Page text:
stadium_name = The Palestra| nickname = "The Cathedral of College Basketball"

location = 215 S 33rd St
Philadelphia, PA 19104
broke_ground = 1926
opened = January 1, 1927
closed =
demolished =
owner = University of Pennsylvania
operator = University of Pennsylvania
surface =
architect = Charles Klauder
former_names =
tenants = Penn Quakers (basketball, volleyball & wrestling) (NCAA Division 1) (1927-present)
Philadelphia Big 5 Basketball (La Salle, Penn, Saint Joseph's, Temple, Villanova) (NCAA Division 1) (1955-present)
Saint Joseph's Hawks (basketball) (NCAA Division 1) (2008-2009) [ [ St. Joseph's to call Palestra home in '08-09 | Philadelphia Daily News | 01/09/2008 ] ]
seating_capacity = 8,722

:"For the Greek and Roman sports arenas, see Palaestra"

The Palestra, also known as the Cathedral of College Basketball, is a historic arena and the home gym of the University of Pennsylvania Quakers men's and women's basketball teams, volleyball teams, wrestling team, and Philadelphia Big 5 basketball. Located at 215 South 33rd St. in Philadelphia, Pennsylvania on the campus of the University of Pennsylvania, near Franklin Field in the University City section of Philadelphia, it opened on January 1, 1927.

The arena originally sat about 10,000, but now seats 8,722 for basketball. The Palestra is famed for its close-to-the-court seating with the bleachers ending at the floor with no barrier to separate the fans from the game. The gym is the oldest major college arena still in use.Fact|date=September 2008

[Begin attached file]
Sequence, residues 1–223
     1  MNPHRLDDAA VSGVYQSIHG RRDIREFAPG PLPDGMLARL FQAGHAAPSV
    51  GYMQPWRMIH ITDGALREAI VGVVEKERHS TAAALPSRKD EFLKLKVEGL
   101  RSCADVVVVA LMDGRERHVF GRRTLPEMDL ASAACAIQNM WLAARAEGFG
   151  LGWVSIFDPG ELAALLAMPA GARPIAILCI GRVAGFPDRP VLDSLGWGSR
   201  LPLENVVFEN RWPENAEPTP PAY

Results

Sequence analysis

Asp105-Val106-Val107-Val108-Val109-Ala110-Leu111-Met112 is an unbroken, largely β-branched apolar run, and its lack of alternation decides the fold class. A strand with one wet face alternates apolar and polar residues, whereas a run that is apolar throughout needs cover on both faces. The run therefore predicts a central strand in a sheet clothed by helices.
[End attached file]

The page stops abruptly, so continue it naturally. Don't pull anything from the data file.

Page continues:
At the time of its construction, the Palestra was one of the largest arenas in the world. `It was one of the first modern steel-and-concrete arenas in the United States and also one of the first to be constructed without interior pillars blocking the view.


The building was completed in 1927 and named by Greek professor Dr. William N. Bates after the ancient Greek term "palæstra", a rectangular enclosure attached to a gymnasium where athletes would compete in various sports in front of an audience. Penn's Palestra was built adjacent to and today is connected to Hutchinson Gymnasium.

The Palestra hosted its first basketball game on January 1, 1927. Pennsylvania defeated Yale 26-15 before a capacity crowd of 10,000, then the largest crowd ever to attend a basketball game on the East Coast.

For many years, the building shared the same management as Madison Square Garden in New York City. Teams wishing to play at the Manhattan venue were often required also to schedule a game at the Palestra, which thereby hosted several very high-level sporting events that it might not otherwise have. Many professional games were played at the Palestra before the completion of the Spectrum in 1967.

College Basketball at the Palestra

The Palestra has hosted more regular season or post-season NCAA men's basketball games, more visiting teams, and more NCAA tournaments than any other U.S. arena [ Virtual tour of Penn's campus] . It is often called "the birthplace of college basketball". It has hosted the East regionals six times (most recently in 1980), and the sub-regionals ten times (most recently in 1984). In total, 52 NCAA Tournament games have been played at the gym since it first came to Penn's campus in 1939.